Jane Austen's least popular and most controversial novel, published in 1814, a year after Pride and Prejudice. Following the success of that novel, Austen wrote to her sister Cassandra that she wanted to write something less "light, and bright, and sparkling" next time. One thing is for sure: this is the novel where she spends the most time dwelling on guilt and misery.The heroine is one Fanny Price. Atypical for an Austen heroine, she comes from a relatively poor family with a lazy, unaffectionate mother and a father who loves his whiskey more than his children. Mrs. Price becomes desperate enough while expecting her ninth child to reach out to her two richer, estranged elder sisters for help. Her brother-in-law Sir Thomas Bertram responds by advancing her eldest son's career in the Navy and adopting Fanny, her eldest daughter.Fanny arrives at his estate, Mansfield Park, when she is ten years old, but her troubles only begin there. Her aunt, Mrs. Norris, meddles in everyone else's lives, especially her sister's and brother-in-law's, because she has no life of her own and practically lives at the Park since her husband is the clergyman of Mansfield Parsonage. Although she initially proposed the adoption, she subsequently treats Fanny worse than any Wicked Stepmother ever could, determined to make sure that the girl knows her place. While spoiling the Bertrams' daughters and raising them to believe they have no faults whatsoever, she can never seem to make Fanny miserable enough, constantly reminding her why she has no right to be happy every time good fortune befalls her, keeping her from mixing with society, trying to prevent her from getting a new horse when her old one dies, and forbidding a fire from being lit in the apartment she uses when not in her small attic room near the servants' quarters.Eight years of this psychological abuse and very little love and affection make Fanny a quiet, timid, passive, obedient young woman who believes nothing could be more unnatural than her enjoying herself or having her needs acknowledged or met. Any kindness practically frightens her since, in her own mind, she doesn't deserve it, and any demands made on her time or comfort are instantly met, even if it means cutting roses and running errands in such heat that she almost passes out. Nobody else around her goes out of their way to be cruel, but neither do they take much notice of her. Her uncle Sir Thomas is kind but intimidating and, although no fan of Mrs. Norris, is somehow oblivious to just how cruelly she treats his niece. Her other aunt, Lady Bertram, is lazy and apparently stupid, rarely stirring from her sofa, and uses Fanny as a personal companion to make her tea, read to her, etc.The Bertrams' eldest son Tom is harmless, aside from driving the family deeper into debt every day. Their daughters, Maria and Julia, look down on Fanny but mostly ignore her. Her only friend is their second son Edmund, six years her senior, who is always there to comfort and defend his cousin and do his best to make her happy. So it's a small wonder that 18-year-old Fanny eventually realizes she's fallen in love with him (no taboo against Kissing Cousins in this context, remember?).But that will have to wait. When Mr. Norris dies, a Dr. Grant takes over his job and moves into the Parsonage. Shortly after Sir Thomas goes away on business, Mrs. Grant's brother and sister, the Crawfords, come for an extended visit. Henry Crawford is a charming, shameless flirt who has no qualms about courting both the Miss Bertrams at once... despite Maria already being engaged to the rich but dim Mr. Rushworth (whom she doesn't even like — the marriage was all Mrs. Norris' idea, or so she claims). Mary Crawford is short on scruples but makes up for it in beauty, and Edmund very soon falls head over heels for her. Both Fanny and the reader can see she is not right for him, especially after the way she belittles his chosen profession of clergyman, but Edmund repeatedly excuses all her distasteful behaviour as due to poor upbringing or the influence of the wrong friends.Things start to get out of control within the two Love Triangles when Tom and his friend Mr. Yates get the crazy idea to throw a play at Mansfield and the worst possible couples get cast as lovers or partners. Sir Thomas arrives home in time to put a stop to any performance (and undo the construction done to the billiard room and his own room), and Henry Crawford conspicuously leaves town, just in time for Maria to grow to hate him for trifling with her and marry Mr. Rushworth out of spite. She takes Julia with her as a companion for the time being when she removes to her husband's estate of Sotherton, and the absence of the two young ladies suddenly elevates Fanny in importance in everyone's eyes. Despite all Mrs. Norris' attempts to stop it, she is allowed new pleasures she has never known before — dining with the Grants and Crawfords at the Parsonage, attending her first ball, which doubles as her coming out party, and receiving a visit from her beloved older brother William.Of course, none of these novelties can make up for the fact that Edmund grows more devoted to Miss Crawford, who likes him well enough but wishes he was richer and had a different career in mind. Aware of this, a discouraged Edmund goes to London to take orders, while Fanny, to her shock and horror, receives a marriage proposal from Henry Crawford! Fully remembering his mistreatment of her cousins, Fanny can neither trust nor esteem him and adamantly refuses to marry him, in spite of all of Edmund's and her uncle's persuasion, in spite of all the accusations of being ungrateful and selfish and everything that has always made her relent in the past, in spite of all of Mr. Crawford's charms. Will a visit to her childhood home make her relent? Sir Thomas hopes so... until a long period of guilt and misery due to two critical events make everyone straighten out their priorities...All the trademark Austen themes of marriage for love, prejudice against women who dare to demonstrate any independence, loyalty and duty, class differences, pride, greed, and lust, with some new emphasis on the importance of good education and good parenting, are presented via her signature sarcasm and ironic wit. Unfortunate Implications regarding the slave trade, however, have not helped the novel's reputation. References to Sir Thomas' business in Antigua and Fanny once nonchalantly mentioning the slave trade may imply the Bertram estate was founded on slave labour; the British slave trade was abolished in 1807. Austen was no supporter of slavery, however, and the references are completely tangential to the story, having no effect on the plot. Instead of ignoring them, however, at least one film adaptation in 1999 makes slavery a significant theme.Well, it was popular enough to be remade as Mansfield Park and Mummies, and J. K. Rowling liked it enough to name one of her characters after the villainess.P.S. Reading Elizabeth Inchbald's Lovers' Vows — the play Tom, his sisters, and friends form a Zany Scheme of performing — makes Austen's wit, sarcasm, irony, and commentary twice as clear (and enjoyable).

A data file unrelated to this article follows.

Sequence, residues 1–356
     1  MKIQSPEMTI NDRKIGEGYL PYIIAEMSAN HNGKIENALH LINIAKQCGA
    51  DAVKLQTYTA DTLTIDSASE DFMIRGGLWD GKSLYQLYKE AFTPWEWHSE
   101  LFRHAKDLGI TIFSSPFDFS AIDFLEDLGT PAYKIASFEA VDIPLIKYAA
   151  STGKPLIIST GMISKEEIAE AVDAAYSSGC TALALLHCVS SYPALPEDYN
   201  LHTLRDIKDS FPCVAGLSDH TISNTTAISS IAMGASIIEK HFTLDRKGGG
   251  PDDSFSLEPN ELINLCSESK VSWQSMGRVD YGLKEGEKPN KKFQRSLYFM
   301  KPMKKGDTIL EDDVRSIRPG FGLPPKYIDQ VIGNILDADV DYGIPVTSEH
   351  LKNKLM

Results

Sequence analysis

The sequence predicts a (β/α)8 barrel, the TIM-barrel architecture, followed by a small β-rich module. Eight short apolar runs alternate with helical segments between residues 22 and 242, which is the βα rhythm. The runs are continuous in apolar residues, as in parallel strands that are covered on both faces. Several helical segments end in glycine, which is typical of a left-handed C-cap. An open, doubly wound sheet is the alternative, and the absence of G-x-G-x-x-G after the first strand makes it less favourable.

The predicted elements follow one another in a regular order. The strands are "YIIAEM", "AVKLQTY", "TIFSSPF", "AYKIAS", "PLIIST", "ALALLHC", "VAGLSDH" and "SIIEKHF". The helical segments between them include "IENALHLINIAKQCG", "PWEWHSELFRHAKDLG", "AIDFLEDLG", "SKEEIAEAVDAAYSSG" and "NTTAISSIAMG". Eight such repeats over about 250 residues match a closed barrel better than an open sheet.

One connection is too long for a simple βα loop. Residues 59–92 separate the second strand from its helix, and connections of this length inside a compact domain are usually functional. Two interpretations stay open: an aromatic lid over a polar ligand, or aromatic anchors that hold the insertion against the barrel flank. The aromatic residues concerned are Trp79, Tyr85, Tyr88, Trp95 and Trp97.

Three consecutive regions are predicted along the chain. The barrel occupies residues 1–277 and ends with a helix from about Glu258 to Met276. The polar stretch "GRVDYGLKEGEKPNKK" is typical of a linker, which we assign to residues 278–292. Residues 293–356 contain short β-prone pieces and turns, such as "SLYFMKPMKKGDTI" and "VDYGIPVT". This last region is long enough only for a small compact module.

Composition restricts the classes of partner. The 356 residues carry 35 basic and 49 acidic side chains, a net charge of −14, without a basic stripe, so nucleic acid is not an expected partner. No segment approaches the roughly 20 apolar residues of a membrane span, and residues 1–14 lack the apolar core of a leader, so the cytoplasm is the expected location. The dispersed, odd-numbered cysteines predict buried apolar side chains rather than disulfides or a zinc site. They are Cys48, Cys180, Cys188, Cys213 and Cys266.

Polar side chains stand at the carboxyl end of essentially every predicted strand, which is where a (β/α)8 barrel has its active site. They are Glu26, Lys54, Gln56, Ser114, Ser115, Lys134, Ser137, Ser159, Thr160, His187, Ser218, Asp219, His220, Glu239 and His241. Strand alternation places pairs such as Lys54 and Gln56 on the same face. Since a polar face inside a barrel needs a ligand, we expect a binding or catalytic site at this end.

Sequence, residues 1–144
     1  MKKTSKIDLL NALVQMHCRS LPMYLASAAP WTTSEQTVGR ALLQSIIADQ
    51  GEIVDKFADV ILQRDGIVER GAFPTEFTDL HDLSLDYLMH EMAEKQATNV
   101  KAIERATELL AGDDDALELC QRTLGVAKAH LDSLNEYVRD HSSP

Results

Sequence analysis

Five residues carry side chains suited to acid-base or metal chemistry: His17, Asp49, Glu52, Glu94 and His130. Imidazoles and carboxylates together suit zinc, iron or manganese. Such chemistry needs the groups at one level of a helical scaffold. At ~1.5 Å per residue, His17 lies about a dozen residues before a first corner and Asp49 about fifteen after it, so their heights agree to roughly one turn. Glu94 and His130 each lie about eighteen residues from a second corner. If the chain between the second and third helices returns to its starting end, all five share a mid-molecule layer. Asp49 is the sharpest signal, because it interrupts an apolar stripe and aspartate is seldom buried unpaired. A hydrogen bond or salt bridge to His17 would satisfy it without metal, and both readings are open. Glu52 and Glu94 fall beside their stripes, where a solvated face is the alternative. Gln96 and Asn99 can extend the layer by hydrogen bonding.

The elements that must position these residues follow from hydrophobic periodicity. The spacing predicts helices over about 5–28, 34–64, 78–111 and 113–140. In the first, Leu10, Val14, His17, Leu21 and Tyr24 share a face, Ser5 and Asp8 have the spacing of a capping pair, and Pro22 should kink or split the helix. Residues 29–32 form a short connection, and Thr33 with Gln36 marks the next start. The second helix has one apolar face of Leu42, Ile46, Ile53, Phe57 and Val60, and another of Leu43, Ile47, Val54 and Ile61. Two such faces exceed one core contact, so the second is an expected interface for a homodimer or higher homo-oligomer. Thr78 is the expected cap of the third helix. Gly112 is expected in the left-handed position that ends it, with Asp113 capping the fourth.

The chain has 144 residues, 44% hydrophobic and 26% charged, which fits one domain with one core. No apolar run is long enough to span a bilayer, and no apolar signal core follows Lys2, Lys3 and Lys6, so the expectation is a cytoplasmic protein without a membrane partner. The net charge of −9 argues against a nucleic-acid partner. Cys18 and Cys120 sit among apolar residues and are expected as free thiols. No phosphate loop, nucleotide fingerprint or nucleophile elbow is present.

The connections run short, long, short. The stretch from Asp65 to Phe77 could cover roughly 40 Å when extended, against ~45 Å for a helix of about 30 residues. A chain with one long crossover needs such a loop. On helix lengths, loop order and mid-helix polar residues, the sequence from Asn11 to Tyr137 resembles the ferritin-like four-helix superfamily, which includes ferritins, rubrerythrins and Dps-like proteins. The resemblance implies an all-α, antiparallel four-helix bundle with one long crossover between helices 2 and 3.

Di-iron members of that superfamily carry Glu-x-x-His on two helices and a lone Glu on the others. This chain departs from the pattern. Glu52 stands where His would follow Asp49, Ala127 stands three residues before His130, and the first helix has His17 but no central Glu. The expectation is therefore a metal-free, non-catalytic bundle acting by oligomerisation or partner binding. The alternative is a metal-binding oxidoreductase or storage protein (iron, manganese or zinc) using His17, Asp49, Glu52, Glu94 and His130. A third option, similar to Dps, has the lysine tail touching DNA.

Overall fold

All Girls Want Bad Boys: Maria and Julia both fall too hard for Henry Crawford to hate him for manipulating them both and instead just become jealous of each other. Fanny Price Snr. seems to have fallen prey to this when she married Lt Price, which could be why Fanny doesn't want to repeat the mistake with Crawford, even if the financial difficulties don't apply.